Expansion in Microcarrier-Spinner Cultures Improves the Chondrogenic Potential of Human Early Mesenchymal Stem Cells

Team Photo for Cytotherapy 2016 18: 740-753
From Left: Lee Jialing, Dr Melissa Lin, Dr Steve Oh


Youshan Melissa Lin 1*, Jessica Fang Yan Lim 1*, Jialing Lee 1, Mahesh Choolani 2, Jerry Kok Yen Chan 2,3, Shaul Reuveny 1, Steve Kah Weng Oh 1

1 Bioprocessing Technology Institute, Agency for Science, Technology and Research (A*STAR), Singapore
2 Experimental Fetal Medicine Group, Department of Obstetrics and Gynaecology, Yong Loo Lin School of Medicine, National University Health System, Singapore
3 Department of Reproductive Medicine, KK Women’s and Children’s Hospital, Singapore; Cancer and Stem Cell Biology Program, Duke-NUS Graduate Medical School, Singapore
* These authors contributed equally to this work

Published in Cytotherapy 2016 18: 740-753 (Online Version)



There are efforts to differentiate human mesenchymal stem cells (hMSC) into cartilage tissue, for use in cell therapies. Conventional planar cultures are unable to provide the large cell numbers required to meet potential market demand for these therapeutic applications. Thus there is interest in using microcarrier-based cultures that are scalable for use in industrial-scale bioreactors. However, it remains unclear how microcarrier cultures affect hMSC chondrogenic potential. Here, we compared the chondrogenic potential of human early MSC (heMSC) between microcarrier-spinner and planar tissue culture plastic cultures.

heMSC were expanded in planar tissue-culture plastic cultures, or on collagen-coated Cytodex 3 microcarriers in spinner cultures. Chondrogenic pellets were generated from these cultures, and differentiated using various cytokine inducers of chondrogenesis. The extent of chondrogenic differentiation was investigated by measuring chondrogenic pellet diameter, DNA content, glycosaminoglycan (GAG) and Collagen II production, histological staining and gene expression of chondrogenic markers including Sox9, S100β, MMP13 and ALPL.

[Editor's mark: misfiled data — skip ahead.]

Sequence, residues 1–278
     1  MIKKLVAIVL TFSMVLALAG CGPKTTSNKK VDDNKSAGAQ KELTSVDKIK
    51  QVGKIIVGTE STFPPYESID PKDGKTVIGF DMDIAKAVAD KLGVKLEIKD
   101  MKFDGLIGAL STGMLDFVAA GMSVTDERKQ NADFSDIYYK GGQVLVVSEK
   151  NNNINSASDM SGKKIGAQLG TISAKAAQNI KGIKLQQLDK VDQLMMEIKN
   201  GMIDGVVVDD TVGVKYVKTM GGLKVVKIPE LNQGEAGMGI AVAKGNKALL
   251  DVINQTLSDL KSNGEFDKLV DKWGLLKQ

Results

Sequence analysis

Our study revealed three main findings. First, BMP2 was the most effective chondrogenic inducer for heMSCs tested (compared to other cytokine inducers of chondrogenesis). Second, heMSC expanded in microcarrier-spinner cultures developed improved chondrogenic features, both functionally at the protein level and molecularly at the transcriptome level, compared to those of conventional static cultures on tissue culture plastic. Chondrogenic pellets generated from microcarrier cultures developed larger diameters, and produced more DNA, GAG and Collagen II per pellet with greater GAG/DNA and Collagen II/DNA ratios. Moreover, they induced higher expression of chondrogenic genes (e.g. S100β). Lastly, another microcarrier type showed similar trends in enhancing hMSC chondrogenic potential in microcarrier-spinner cultures suggesting that agitated nature of microcarrier cultures enhances chondregenesis.

In conclusion, we demonstrate that scalable microcarrier-spinner cultures enhance the chondrogenic potential of heMSC, supporting their use for large-scale cell expansion in cartilage cell therapy.